Randomized Control Trial of Intraperitoneal Bupivacaine During Cholecystectomy

U

University Hospitals Coventry and Warwickshire NHS Trust

Status

Completed

Conditions

Cholecystitis
Gall Stone Pancreatitis

Treatments

Other: Normal saline
Drug: Bupivacaine

Study type

Interventional

Funder types

Other

Identifiers

NCT01528722
Acute lap chole RCT

Details and patient eligibility

About

Laparoscopic cholecystectomy (removal of the gall bladder via 'keyhole surgery') is a common procedure. This can be performed as an emergency operation when a patient has a complication of gall stones such as acute inflammation or pancreatitis. There are several trials which demonstrate that placing local anaesthetic inside the abdomen at the site of gall bladder surgery during a planned elective operation decreases post operative pain. This is the first trial to investigate the efficacy of this local anaesthetic during emergency cholecystectomy.

Full description

Background Several studies, including a metanalysis, have demonstrated that intraperitoneal local anaesthetic (IP LA) during elective laparoscopic cholecystectomy (el-LC) decreases post operative pain. None have explored the efficacy of IP LA at emergency laparoscopic cholecystectomy (em-LC). A longer operation duration, greater frequency of washing and the inflammation associated with cholecystitis or pancreatitis are a few reasons why it cannot be assumed that a benefit in pain scores will be seen in em-LC with IP LA. This study assesses the efficacy of IP LA used in patients undergoing em-LC. Methods Double blind randomised sham controlled trial of 42 consecutive subjects undergoing em- LC. IP-LA was delivered by a combination of direct injection to the diaphragmatic and topical wash over the liver/gall bladder with bupivacaine or sham depending upon allocation. The primary outcome was VAS pain scores on the ward. Secondary outcomes included VRS pain scores in theatre recovery, analgesic use, physiological observations, time to eating and ambulation and length of postoperative stay. Results One patient had a procedure converted to open and was excluded. There was no significant difference in pain scores on the ward or in theatre recovery. Analgesic use, respiratory rate, oxygen saturation, duration to ambulation, eating, satisfaction scores and time to discharge were comparable between the groups. Conclusions Intraperitoneal LA during em-LC does not influence post-operative pain. Other modalities of analgesia should be explored as well as decreasing the interval between diagnosis of acute admission and em-LC.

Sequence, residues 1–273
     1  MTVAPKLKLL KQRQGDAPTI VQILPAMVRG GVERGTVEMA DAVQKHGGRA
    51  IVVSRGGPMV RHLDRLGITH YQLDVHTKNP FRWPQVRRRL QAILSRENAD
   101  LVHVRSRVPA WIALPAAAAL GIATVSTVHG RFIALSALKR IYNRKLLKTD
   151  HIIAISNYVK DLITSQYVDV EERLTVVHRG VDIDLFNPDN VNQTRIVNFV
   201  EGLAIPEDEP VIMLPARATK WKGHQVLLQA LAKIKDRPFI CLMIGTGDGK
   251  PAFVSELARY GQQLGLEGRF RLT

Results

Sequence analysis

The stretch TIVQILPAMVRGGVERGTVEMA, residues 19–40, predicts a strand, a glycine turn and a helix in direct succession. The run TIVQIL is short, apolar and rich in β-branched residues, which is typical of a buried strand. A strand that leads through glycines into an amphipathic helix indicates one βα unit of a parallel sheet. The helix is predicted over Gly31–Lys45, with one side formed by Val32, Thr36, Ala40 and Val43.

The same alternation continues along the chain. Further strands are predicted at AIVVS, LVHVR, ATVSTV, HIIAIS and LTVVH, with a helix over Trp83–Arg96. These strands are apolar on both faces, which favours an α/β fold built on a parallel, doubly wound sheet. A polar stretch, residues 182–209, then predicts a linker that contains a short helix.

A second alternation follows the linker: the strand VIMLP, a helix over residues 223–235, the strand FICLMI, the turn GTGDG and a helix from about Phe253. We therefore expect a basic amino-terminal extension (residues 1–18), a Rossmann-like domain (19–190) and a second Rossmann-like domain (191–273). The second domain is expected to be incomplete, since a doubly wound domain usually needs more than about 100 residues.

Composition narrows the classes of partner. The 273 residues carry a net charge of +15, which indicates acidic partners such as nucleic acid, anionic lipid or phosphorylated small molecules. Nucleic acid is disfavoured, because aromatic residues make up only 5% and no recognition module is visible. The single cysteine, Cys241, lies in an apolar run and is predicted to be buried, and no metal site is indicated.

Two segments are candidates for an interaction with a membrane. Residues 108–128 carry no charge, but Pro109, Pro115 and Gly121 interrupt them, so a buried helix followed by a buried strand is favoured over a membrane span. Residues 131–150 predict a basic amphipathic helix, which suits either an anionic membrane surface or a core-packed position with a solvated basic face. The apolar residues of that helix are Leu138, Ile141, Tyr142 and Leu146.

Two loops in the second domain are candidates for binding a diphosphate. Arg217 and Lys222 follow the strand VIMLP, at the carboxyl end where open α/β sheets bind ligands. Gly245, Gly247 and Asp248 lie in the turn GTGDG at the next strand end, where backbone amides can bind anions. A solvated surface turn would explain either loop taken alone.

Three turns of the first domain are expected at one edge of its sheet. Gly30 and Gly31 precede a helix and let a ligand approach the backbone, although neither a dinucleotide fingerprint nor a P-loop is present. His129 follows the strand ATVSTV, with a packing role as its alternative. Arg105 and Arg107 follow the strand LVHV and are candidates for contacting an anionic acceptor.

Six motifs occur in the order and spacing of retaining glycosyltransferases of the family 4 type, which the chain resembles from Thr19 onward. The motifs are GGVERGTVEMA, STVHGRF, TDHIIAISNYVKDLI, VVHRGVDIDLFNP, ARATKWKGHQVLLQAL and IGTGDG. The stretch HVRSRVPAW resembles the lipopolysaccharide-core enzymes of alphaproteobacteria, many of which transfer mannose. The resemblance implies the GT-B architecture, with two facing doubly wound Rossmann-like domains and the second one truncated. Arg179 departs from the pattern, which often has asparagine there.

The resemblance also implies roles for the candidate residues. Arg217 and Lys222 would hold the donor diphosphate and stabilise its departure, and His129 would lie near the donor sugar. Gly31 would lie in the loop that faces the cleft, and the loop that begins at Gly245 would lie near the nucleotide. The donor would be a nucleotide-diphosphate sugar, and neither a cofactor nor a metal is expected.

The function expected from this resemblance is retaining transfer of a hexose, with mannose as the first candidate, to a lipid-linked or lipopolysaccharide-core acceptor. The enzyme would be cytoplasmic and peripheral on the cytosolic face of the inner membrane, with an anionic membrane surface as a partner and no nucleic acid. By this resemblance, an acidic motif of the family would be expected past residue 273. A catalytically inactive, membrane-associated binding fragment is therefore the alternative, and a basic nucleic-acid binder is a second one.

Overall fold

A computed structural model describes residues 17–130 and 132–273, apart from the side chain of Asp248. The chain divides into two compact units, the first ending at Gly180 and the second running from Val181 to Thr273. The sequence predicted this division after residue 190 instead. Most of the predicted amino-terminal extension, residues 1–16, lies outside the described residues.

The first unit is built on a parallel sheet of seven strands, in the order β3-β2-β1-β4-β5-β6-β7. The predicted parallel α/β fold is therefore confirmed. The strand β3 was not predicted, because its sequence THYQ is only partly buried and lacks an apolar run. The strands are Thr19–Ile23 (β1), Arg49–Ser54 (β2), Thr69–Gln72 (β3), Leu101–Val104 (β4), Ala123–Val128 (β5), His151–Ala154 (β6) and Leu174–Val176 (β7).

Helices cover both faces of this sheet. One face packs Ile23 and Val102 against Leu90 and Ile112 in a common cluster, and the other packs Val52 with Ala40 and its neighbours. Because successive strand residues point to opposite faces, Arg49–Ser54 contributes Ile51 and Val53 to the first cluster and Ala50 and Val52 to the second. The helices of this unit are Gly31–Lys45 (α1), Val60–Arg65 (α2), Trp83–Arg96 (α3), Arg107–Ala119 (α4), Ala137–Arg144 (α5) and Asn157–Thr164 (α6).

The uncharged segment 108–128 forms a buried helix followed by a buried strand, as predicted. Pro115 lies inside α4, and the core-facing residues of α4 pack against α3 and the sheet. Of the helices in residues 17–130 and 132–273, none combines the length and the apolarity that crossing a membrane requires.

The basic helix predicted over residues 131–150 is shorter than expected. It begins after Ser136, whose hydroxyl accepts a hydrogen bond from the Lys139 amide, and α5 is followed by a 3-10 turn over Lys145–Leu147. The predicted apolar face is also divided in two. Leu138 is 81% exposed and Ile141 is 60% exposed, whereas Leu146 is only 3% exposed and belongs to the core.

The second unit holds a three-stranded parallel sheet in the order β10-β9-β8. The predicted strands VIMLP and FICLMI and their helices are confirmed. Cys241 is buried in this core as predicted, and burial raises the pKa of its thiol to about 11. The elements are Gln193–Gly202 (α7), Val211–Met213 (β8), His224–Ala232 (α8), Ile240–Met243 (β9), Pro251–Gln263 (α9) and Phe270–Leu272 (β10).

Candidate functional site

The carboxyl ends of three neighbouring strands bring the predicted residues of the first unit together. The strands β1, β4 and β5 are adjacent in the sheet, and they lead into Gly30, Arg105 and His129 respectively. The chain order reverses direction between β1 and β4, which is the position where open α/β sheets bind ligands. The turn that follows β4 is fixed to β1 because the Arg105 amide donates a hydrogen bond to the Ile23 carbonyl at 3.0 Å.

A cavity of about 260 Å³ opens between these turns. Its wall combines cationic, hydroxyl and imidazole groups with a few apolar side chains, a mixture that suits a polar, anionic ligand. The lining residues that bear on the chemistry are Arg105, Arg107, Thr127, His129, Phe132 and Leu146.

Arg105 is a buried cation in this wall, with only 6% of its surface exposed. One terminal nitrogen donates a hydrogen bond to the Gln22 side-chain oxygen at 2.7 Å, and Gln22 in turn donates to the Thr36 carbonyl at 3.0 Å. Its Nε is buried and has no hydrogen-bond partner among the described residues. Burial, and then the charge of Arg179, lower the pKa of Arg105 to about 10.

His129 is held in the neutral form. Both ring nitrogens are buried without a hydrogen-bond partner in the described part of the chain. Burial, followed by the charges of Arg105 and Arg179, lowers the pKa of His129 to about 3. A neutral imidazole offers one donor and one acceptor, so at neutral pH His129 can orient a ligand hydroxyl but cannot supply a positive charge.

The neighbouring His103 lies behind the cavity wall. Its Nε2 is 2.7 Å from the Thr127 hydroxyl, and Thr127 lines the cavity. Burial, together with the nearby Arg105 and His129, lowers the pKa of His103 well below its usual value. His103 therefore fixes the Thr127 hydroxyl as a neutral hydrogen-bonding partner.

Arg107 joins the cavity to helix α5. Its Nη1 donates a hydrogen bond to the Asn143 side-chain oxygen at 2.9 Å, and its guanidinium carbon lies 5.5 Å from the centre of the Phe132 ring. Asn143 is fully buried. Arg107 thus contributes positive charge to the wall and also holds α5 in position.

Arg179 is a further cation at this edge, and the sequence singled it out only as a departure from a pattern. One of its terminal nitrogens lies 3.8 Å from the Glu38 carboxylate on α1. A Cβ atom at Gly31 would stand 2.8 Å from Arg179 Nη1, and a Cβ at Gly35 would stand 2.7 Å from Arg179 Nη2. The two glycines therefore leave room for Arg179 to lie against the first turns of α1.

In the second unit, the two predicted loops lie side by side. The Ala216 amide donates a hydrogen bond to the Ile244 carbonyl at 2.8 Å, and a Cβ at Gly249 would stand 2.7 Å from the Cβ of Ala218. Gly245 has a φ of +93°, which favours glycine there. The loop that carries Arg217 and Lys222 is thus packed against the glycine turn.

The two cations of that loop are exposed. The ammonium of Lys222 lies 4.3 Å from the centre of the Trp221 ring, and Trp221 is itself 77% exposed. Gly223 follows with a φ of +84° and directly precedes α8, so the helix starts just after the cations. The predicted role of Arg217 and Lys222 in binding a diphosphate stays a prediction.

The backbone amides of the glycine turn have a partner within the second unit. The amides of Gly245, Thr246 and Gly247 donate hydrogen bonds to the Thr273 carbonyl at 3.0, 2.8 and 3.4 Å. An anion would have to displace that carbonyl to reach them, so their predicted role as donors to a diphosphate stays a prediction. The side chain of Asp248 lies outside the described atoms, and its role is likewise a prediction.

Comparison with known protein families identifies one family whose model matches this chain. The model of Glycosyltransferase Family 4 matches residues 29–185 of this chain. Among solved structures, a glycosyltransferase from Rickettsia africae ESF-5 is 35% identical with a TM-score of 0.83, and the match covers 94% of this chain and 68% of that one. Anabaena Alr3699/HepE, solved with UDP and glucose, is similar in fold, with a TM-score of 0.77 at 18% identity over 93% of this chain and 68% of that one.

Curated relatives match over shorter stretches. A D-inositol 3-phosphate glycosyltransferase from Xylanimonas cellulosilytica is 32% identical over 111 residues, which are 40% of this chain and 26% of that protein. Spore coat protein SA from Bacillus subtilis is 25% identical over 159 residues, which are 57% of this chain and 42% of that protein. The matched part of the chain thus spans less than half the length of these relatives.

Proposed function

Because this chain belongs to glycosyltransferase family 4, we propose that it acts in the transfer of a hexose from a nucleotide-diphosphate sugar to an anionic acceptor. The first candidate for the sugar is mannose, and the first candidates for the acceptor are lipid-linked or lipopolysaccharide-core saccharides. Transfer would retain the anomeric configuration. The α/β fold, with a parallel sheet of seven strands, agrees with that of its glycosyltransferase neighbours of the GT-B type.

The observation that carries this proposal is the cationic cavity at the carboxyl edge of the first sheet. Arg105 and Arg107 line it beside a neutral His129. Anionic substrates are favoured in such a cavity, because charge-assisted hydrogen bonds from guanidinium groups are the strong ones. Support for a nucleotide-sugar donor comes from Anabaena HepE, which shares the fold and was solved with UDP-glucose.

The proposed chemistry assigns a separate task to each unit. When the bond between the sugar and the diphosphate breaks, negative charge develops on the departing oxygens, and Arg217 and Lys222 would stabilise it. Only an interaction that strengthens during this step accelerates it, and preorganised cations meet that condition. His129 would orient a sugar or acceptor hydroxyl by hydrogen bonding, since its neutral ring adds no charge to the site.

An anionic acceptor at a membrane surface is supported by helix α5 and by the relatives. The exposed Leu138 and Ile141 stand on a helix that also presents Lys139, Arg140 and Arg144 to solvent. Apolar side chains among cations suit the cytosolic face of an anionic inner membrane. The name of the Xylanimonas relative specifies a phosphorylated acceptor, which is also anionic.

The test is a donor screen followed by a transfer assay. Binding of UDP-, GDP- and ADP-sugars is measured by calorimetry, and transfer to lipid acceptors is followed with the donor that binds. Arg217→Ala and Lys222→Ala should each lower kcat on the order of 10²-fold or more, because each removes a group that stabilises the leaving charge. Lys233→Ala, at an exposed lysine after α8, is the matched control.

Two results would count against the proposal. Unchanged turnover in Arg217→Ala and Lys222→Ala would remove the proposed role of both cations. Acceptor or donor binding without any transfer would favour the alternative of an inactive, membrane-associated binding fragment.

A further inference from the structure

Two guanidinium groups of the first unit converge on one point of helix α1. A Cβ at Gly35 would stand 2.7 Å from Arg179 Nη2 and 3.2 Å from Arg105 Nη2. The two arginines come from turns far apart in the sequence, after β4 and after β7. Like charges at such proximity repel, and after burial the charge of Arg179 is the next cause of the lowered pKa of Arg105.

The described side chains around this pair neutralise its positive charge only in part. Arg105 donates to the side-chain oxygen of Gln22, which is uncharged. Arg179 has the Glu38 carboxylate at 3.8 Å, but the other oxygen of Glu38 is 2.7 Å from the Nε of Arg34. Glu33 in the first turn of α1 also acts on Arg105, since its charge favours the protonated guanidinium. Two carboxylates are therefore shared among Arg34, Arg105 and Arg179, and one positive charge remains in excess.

Enrollment

42 patients

Sex

All

Ages

18+ years old

Volunteers

No Healthy Volunteers

Inclusion criteria

patients undergoing emergency cholecystectomy for cholecystitis or gall stone pancreatitis

Exclusion criteria

patients undergoing planned elective cholecystectomy

Trial design

Primary purpose

Treatment

Allocation

Randomized

Interventional model

Parallel Assignment

Masking

Quadruple Blind

42 participants in 2 patient groups

Saline sham injection
Sham Comparator group
Description:
Sham wash and injection with normal saline (09%)
Treatment:
Other: Normal saline
Bupivacaine
Active Comparator group
Description:
Bupivacaine injection/wash treatment arm
Treatment:
Drug: Bupivacaine

Trial contacts and locations

1

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Data sourced from clinicaltrials.gov

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